Police Minister George Hawkins and Commissioner Rob Robinson have to face up to their responsibility to drastically improve the 111 system, Green MP Keith Locke says.
“It is unacceptable for the Police Commissioner to attack the review team as ‘provocative’, as he did on radio today,” says Mr Locke, the Green’s Police Spokesperson.
“A key problem seems to be that call centre staff, who deal with extremely high-stress situations on a daily basis, are treated like dirt, strapped for resources and offered little training and guidance.”
The call centre staff begin on a low wage and often work nine-and-a-half-hour shifts, with only three short breaks. They are under additional stress through the staff shortages identified by the review team. It’s no wonder they have a shocking 17% staff turnover, he says.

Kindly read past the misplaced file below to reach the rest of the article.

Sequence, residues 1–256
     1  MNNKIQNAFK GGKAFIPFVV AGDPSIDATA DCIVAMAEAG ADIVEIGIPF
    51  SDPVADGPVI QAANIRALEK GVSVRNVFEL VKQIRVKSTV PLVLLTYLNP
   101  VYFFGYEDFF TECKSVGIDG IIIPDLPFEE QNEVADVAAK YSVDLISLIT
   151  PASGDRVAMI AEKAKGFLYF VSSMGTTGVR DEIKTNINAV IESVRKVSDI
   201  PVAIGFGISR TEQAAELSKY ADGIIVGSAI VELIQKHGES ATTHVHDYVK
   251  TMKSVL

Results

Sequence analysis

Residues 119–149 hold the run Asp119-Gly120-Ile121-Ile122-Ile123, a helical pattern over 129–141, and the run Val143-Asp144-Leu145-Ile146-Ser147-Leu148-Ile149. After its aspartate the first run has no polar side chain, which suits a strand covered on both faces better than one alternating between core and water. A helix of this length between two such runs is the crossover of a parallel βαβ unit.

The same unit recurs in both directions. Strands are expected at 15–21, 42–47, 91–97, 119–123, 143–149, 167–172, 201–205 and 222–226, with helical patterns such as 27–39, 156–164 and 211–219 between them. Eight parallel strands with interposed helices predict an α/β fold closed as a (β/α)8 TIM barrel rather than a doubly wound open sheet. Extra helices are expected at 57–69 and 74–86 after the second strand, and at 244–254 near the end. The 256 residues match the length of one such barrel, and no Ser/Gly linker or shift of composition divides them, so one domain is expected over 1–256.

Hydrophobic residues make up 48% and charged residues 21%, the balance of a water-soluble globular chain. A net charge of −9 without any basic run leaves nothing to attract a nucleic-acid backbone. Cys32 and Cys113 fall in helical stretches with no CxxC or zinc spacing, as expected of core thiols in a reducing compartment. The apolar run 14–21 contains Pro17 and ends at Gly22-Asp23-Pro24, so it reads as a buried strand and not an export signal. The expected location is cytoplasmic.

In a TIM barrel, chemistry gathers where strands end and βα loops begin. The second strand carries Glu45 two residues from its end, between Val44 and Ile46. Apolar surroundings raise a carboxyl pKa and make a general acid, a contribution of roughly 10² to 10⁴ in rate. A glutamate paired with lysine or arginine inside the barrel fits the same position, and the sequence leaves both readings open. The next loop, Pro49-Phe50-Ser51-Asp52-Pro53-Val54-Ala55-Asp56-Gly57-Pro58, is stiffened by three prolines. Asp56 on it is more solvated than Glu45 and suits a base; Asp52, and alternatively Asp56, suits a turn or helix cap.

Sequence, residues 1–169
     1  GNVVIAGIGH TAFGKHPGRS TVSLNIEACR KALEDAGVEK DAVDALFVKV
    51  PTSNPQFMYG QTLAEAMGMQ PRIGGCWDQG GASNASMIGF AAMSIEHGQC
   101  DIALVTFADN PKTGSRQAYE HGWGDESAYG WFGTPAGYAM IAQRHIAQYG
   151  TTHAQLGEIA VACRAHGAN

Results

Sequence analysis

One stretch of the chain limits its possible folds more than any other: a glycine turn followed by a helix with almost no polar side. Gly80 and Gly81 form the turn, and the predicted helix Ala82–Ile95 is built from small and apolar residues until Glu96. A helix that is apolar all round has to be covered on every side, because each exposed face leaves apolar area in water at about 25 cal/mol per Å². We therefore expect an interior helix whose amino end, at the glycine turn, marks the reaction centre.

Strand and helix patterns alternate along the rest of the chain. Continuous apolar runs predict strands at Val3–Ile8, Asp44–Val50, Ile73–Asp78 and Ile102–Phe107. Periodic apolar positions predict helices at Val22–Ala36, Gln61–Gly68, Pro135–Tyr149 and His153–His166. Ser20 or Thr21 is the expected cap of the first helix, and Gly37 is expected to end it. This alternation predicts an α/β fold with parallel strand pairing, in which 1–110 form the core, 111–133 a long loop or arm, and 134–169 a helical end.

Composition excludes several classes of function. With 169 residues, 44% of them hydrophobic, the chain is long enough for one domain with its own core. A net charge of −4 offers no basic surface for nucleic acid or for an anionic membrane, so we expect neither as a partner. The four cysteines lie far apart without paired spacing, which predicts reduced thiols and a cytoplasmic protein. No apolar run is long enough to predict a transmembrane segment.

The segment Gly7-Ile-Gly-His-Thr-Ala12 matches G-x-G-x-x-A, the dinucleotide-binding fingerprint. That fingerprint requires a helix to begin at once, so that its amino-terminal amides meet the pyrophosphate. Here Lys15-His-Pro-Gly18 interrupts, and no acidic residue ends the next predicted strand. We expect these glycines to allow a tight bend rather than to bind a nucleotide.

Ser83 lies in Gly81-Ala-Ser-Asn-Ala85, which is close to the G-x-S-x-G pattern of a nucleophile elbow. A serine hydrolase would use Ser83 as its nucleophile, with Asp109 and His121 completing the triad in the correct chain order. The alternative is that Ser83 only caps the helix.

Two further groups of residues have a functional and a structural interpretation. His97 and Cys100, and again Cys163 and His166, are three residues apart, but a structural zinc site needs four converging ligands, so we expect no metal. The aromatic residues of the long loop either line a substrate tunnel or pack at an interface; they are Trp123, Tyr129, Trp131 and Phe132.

“Staff would be happier to stay if they were multiskilled and on a higher wage rate, as the review team suggests. To have call answering staff also trained as dispatchers makes for a much more efficient operation. The most successful taxi companies have communications centres where staff combine call answering and dispatch skills.”
“The police should also look at decentralising call centres. If there were centres in the 12 police districts the specialist call takers/dispatchers would have the local knowledge to avoid horror stories of distressed people having to explain local geography to those answering calls hundreds of kilometres away.
“We need a revamp of the whole 111 system. It has been a managerial debacle which is completely unacceptable when so many New Zealander’s lives are at stake.”